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Fascinating True Stories from the Flip Side of History

Monthly Archives: June 2017

Waiter Drugs Non-Tipper

In late February of 1964, Daniel Price, the manager of the Occidental Restaurant in Washington, DC received several complaints from customers who had become violently ill after eating a meal there.

He investigated and determined that each of the patrons had been served by the same waiter, 23-year-old Herbert A. Talmud.

Around the same time, Talmud approached the restaurant’s assistant bookkeeper John R. Hughlett and said that their office manager Simone Moran’s illness would quickly pass.

That’s when Talmud offered him five packages of a powder that he said he had put in Ms. Moran’s teas for $1.00.

Unbeknownst to Talmud, the manager Price had already contacted the police. They instructed bookkeeper Hughlett to buy the packs, which he d30id.

Analysis of the powder determined that it was an emetic that induced violent vomiting and that an overdose could be fatal. Talmud was arrested and charged with assaulting Simone Moran with a poison.

Not surprisingly, it was discovered that Talmud had been dismissed by the previous two restaurants that he had worked in after they received complaints from customers of being ill.

Talmud underwent a twenty-day psychiatric evaluation and was found to be “of sound mind.” He was sentenced to 90-days in prison or a $200 fine.

Vintage Occidental Restaurant Postcard
Vintage postcard showing the Occidental Restaurant and other Pennsylvania Avenue attractions. Waiter Herbert A. Talmud was accused of poisoning the food of customers of the restaurant while working there.
 

Permitted to Wear Van Dyke Beard

On July 24, 1955, the New York State Labor Department ruled that a man who had been fired from his job as a swimming pool attendant was entitled to receive unemployment compensation.

Why was he fired? He refused to shave off his Van Dyke beard, which he had grown in order to obtain employment as an art class model.

The local labor department refused to allow the unnamed man to receive unemployment benefits, so the pool attendant – slash – artist’s model appealed to the state.

In the ruling, the arbitrator handling the case said that his firing was “An unwarranted infringement upon his privilege as an individual in a free community to present such an appearance as he wished as long as it did not affect his duties adversely and did not injure the employer in his business reputation.”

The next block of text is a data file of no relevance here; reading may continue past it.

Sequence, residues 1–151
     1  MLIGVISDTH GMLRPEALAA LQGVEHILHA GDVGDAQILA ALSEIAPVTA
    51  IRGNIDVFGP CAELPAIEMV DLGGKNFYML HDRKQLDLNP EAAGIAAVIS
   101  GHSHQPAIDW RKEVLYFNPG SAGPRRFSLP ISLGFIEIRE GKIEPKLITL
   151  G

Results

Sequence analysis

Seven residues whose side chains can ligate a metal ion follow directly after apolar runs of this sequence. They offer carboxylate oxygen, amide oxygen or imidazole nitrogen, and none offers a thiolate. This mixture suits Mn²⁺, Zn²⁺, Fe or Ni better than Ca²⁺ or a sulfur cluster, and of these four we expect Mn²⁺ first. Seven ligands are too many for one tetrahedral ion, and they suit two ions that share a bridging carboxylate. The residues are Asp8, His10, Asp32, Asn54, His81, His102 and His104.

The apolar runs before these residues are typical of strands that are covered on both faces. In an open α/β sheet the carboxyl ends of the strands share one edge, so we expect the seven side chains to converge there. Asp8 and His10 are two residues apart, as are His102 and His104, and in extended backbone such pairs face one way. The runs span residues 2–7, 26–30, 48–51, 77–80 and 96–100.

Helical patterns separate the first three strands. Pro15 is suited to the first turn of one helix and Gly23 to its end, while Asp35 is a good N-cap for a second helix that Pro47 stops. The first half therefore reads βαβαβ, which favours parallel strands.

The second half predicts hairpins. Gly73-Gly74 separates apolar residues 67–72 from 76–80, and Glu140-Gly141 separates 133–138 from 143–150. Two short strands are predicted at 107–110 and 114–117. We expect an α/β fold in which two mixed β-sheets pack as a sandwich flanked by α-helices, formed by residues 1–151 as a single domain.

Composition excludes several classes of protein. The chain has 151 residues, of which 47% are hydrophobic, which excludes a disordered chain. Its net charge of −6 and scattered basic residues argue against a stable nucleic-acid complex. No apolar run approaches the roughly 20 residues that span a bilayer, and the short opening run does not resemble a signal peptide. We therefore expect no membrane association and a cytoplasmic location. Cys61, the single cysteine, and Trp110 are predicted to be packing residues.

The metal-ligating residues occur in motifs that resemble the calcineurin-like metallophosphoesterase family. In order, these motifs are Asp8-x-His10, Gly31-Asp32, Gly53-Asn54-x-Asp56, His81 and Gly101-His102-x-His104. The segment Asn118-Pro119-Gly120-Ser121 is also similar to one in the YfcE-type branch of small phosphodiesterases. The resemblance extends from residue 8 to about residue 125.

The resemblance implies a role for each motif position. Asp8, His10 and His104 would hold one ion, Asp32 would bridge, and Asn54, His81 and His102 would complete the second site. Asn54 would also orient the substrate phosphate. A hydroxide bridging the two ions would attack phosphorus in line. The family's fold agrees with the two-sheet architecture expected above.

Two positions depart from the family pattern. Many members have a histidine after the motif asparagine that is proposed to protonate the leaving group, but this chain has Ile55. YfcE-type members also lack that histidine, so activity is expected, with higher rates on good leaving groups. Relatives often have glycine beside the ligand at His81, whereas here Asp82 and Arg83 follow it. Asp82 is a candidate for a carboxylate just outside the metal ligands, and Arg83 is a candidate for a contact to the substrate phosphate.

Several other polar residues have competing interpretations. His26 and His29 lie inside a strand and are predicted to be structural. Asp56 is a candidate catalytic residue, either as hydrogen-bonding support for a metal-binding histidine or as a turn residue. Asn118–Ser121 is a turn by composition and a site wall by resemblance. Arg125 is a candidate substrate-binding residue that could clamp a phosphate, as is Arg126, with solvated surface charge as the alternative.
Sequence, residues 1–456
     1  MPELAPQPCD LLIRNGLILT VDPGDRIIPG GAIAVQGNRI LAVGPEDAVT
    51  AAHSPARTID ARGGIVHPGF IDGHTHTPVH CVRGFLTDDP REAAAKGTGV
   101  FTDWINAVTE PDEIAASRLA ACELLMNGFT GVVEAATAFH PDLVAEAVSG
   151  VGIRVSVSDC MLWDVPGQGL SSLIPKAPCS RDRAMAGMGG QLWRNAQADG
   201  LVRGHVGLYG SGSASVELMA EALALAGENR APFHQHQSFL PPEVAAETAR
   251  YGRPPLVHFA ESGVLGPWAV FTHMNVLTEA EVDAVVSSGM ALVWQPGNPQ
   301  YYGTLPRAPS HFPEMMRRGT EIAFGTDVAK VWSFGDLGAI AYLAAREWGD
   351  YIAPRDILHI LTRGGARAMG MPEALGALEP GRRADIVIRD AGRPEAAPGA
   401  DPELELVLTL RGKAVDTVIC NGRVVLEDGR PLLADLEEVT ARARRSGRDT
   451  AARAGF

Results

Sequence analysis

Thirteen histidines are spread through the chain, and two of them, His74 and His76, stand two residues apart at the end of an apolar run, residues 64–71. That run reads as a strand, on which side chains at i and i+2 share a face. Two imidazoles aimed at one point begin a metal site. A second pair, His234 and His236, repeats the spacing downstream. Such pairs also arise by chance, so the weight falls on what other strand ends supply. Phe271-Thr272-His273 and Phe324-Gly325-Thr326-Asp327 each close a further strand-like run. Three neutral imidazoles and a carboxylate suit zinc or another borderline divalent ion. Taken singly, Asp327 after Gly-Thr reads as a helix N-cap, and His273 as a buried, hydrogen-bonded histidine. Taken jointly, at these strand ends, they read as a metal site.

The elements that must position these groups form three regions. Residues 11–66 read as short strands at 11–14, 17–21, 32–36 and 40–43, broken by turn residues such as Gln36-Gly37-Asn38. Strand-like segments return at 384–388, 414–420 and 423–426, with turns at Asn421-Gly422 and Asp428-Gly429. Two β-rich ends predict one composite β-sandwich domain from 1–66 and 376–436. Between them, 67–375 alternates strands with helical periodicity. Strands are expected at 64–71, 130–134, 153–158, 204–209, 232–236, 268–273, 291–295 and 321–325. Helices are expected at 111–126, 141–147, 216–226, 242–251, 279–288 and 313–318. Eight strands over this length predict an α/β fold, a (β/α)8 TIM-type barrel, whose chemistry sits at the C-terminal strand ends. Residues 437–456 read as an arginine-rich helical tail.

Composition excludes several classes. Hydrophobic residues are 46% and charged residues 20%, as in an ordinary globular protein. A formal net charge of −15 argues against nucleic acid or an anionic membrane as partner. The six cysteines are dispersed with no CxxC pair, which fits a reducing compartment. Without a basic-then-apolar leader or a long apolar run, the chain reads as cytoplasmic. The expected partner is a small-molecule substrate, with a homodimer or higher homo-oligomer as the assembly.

Anthony van Dyck Self Portrait
The Van Dyke beard is named after 17th-century artist Anthony Van Dyck. He painted this self-portrait in 1633.
 

Pushes Cart 13 Miles Off Course

56-year-old George Kuscinkas had been down on his luck since he emigrated from Lithuania to the United States back in 1915. Fast forward to March 16, 1950 and we find George unemployed and living in a flophouse in the Bowery.

While visiting a poolroom on East Tenth Street that morning, a man asked him if he wanted to make some money. All George needed to do was push a cart and deliver a load of art supplies. He agreed, was handed a slip of paper with the address on it and off he went.

He started out at 11:30 that morning but never arrived at his destination. The shipper, Philip Birn of the S. Rood Company contacted the police to report that both the courier and the goods were missing.

George was finally located by a detective early the next morning. Believe it or not, he was still pushing his cart.

George Kuscinkas pushing his cart loaded with art supplies.
George Kuscinkas pushing his cart loaded with art supplies.

He had zigged and zagged all over the city showing person after person the slip of paper that had the address on it. It was estimated that George had pushed the 630-pound (286-kg) cart approximately 13-miles (21 km) in total.

Confused, he stopped that detective at 3 AM and showed him the slip of paper. It read, “Morilla Co., 328 East 234 St.’ The officer called in and found out that an alarm had been issued locate George. That’s when it was realized that everyone had been misreading the handwritten address. It read as East 234 St, but really said East 23rd Street.

George and the missing supplies were transported back to their intended destination and the whole matter was cleared up. Mr. Birn rewarded George with $25 for his efforts (approximately $250 today) and the press chipped in to give him an additional $5.

He planned to use the money to get a shave, a haircut, and to “sit down for awhile.”

 

Le Mars Trilogy: Part 1 – T.M. Zink’s Library

Useless Information Podcast

The first of a 3-part series on Le Mars, Iowa from the 1930’s. Le Mars was thrust into the national spotlight by the actions of just one man: a successful lawyer named T.M. Zink, who left nearly his entire estate for the establishment of a very unusual library. Was Zink was truly mad or was he simply playing a good practical joke on the world?

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